• Red: Moving Against—Lion. These types of relators tend to be more aggressive, directive, take-charge, determined, quick to make decisions, and are opinionated.
  • Blue: Moving Toward—Tin Man. These types of relators tend to be people oriented, empathic, supportive and caring, willing to defer to the needs of others.
  • Yellow: Moving Away—Scarecrows. These types of relators are more measured and careful, want to be accurate and true to the facts.
  • Purple (Blends of Red Lion & Blue Tin Man). People in this hybrid are enthusiastic and readily engage and influence others. They like liking and like being liked. I have a Purple relationship style in most of my relationships.

I’d like to share with you what we learned through the workshop experience (in no particular order):

  • People have different relationship styles. Some are more quick and determined (like the Red Lions) others are people centered (like the Blue Tin Man) and others are more careful and precise (like Yellow Scarecrow). Then there are Purple people like me who want to engage and influence others. One style is not necessarily better than the others all the time (even thought I would follow a Red in an emergency, a Yellow when I want objective facts and a Blue when I want to be understood).
  • Each style has its positive or negative expressions. Each style, in its positive expression, can enhance communication and bring about positive outcomes. However in its negative manifestation, each style can break down communication and be destructive. Often the negative expressions are directly related to their positive expression. Elias Porter—the person who developed the SDI (the Strength Deployment Inventory)—suggested that our weaknesses are nothing more than overdone strengths. Think about it. A quick Red response overdone makes them rushed or impetuous. A Blue’s deference to others can easily become a form of self-denial; and a Yellow’s carefulness is only a couple clicks away from being overly cautious and hesitant.
  • We have different styles in different situations. For example, my relationship style is different at home than when I am speaking or consulting. At home I am more Orange (Red and Yellow) and at work I am more Purple (Red and Blue). And when I get around Red alphas, I have to fight the temptation to become overly Blue (submissive). Different settings and interactions with different people often bring out different elements of how we interact. A person at work might be one way with a boss (e.g. Blue) and then another way with a subordinate (e.g. Red). I am always amused by CEOs who run large organizations who, when they come home, become totally subservient to their spouse.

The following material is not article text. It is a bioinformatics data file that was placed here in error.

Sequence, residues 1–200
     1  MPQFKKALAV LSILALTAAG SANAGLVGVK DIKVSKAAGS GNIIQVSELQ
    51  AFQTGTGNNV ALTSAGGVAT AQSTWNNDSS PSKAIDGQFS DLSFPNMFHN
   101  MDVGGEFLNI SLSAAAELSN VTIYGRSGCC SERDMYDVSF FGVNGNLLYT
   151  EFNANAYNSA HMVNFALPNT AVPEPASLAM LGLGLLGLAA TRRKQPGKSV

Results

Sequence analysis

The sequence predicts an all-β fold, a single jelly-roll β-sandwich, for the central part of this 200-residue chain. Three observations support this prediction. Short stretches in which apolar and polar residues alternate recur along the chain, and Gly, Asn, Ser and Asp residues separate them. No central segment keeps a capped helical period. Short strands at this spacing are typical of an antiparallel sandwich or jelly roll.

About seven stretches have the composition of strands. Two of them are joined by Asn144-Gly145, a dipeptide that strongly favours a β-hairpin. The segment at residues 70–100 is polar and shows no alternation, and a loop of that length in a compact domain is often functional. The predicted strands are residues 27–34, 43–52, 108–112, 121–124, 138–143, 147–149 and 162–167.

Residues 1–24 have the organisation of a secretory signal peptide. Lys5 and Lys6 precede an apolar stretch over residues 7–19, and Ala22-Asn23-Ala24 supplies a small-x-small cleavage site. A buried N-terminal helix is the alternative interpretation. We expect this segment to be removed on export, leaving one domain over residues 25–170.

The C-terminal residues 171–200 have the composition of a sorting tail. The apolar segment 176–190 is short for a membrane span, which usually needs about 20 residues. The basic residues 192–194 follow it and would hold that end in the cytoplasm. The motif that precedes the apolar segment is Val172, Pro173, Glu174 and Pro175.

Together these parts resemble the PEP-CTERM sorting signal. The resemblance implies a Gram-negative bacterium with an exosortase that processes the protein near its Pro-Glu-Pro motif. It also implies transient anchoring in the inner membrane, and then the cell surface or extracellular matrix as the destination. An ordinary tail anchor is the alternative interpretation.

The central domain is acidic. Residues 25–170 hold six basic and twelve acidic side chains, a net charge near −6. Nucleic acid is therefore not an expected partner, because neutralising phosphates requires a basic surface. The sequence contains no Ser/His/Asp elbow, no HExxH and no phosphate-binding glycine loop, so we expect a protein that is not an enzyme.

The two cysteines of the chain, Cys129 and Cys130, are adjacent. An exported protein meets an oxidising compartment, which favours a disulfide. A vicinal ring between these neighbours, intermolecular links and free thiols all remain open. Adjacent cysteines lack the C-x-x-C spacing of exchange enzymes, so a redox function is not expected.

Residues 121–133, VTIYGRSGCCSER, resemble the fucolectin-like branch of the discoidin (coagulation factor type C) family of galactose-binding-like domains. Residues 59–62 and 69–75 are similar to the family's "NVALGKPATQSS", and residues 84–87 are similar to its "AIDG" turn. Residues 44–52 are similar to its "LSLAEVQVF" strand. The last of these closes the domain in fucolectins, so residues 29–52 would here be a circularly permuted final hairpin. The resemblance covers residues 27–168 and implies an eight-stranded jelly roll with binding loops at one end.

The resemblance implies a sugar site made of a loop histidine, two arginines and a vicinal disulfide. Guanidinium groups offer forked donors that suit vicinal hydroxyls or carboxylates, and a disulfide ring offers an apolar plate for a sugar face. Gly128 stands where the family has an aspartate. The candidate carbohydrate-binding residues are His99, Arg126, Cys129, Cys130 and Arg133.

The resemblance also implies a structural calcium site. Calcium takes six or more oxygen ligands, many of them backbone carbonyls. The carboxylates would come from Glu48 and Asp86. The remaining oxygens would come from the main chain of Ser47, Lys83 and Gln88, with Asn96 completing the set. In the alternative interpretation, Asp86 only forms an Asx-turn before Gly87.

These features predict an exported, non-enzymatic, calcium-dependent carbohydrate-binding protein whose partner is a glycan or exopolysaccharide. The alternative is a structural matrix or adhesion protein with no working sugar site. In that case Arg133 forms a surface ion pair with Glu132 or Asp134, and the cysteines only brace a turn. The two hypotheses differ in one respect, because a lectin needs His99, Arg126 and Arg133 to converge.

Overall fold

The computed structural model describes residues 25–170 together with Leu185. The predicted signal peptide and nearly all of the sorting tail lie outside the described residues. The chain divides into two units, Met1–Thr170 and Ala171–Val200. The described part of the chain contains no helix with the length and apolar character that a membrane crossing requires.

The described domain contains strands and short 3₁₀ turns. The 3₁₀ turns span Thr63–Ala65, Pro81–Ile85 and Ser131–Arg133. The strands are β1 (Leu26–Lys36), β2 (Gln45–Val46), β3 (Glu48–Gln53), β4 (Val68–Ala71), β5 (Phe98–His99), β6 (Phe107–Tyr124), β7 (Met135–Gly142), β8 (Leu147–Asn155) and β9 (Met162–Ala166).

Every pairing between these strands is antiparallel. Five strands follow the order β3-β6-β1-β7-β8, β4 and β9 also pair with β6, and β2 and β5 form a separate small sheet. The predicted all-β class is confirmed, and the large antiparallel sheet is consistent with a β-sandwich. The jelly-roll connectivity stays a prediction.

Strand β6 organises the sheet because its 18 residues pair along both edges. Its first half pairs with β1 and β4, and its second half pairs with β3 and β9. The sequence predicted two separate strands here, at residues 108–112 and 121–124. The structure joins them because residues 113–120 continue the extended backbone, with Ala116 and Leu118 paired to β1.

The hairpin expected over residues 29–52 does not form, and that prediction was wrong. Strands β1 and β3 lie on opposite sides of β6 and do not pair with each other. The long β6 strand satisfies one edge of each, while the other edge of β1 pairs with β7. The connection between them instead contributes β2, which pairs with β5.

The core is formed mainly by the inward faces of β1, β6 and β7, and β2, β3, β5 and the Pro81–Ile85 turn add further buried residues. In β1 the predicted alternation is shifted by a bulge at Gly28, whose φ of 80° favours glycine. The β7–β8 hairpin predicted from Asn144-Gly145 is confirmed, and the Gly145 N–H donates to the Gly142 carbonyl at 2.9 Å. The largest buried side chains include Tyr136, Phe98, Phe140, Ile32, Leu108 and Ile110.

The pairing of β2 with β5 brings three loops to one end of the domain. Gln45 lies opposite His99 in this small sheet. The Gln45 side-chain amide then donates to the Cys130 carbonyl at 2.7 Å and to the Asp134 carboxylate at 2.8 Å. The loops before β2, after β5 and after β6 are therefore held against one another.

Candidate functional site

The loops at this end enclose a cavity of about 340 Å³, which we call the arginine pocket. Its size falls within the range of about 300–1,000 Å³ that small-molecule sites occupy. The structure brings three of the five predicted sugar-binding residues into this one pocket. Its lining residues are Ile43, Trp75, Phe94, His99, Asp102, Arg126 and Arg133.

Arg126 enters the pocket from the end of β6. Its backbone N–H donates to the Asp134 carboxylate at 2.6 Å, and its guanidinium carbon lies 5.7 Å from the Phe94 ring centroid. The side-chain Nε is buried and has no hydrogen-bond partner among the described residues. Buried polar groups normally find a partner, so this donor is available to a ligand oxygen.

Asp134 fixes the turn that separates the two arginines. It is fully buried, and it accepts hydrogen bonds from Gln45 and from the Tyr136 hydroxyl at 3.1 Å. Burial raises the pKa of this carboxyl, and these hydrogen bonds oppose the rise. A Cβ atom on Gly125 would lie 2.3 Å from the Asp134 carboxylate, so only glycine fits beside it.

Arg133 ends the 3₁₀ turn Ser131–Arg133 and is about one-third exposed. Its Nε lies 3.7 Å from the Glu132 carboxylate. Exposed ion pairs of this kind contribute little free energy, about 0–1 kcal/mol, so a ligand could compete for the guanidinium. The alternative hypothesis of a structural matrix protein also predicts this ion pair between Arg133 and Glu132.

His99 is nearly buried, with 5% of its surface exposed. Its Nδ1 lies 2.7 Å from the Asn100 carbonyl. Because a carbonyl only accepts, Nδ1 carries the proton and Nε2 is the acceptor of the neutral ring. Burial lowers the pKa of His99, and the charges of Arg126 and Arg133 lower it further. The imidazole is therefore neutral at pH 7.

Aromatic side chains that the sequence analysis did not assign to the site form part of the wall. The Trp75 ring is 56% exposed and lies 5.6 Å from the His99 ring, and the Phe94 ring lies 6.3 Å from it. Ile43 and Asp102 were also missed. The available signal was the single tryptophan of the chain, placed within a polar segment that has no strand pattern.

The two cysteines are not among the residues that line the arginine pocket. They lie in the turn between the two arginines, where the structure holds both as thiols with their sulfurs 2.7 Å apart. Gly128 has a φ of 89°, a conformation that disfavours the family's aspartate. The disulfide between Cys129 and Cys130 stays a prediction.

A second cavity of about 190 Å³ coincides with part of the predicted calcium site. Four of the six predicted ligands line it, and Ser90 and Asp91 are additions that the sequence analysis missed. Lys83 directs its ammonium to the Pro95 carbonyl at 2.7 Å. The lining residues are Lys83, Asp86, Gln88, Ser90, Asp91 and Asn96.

• If we don’t honor differences in someone else, we will end up reacting to them. Evolution formed a brain that is suspicious, if not hostile, to those who differ from us. If we don’t leverage our differences for good we will likely get entangled in some sort of estrangement. I worked with a board of directors who had a good number of Red relators. They looked down on the “weaker” Blue relaters seeing them as “soft” simply because they were not as decisive and opinionated as they were. It was unfortunate that the Reds did not honor their Blue brethren because they did not take advantage of their sympathy for client relations and their ability to collaborate. This can happen at home as well. We can write off our “quiet” (Yellow) spouse as disinterested rather than slow and thoughtful. And we’ve all heard of the rough and tough father who reacts to his “weaker” (artistic) son not realizing what a precious gift the son brings to the world.

I’d love to hear back from you: What relationship style do you tend toward  . . .  at home? Are you more Red, more Blue or more Yellow (or like me, a hybrid)? Is your relationship style different at work? If so, how?  Do you ever “overdo” one of these relational styles to a fault? (If you are not sure, ask your spouse, children, or your employees.) Do you ever find yourself reacting to your partner for having a different relational style than yourself?  Please share your experience with us.

Ultimately, be yourself, accept who you are and be positive in your difference. And remember, emotional intelligence is intelligence you can live with.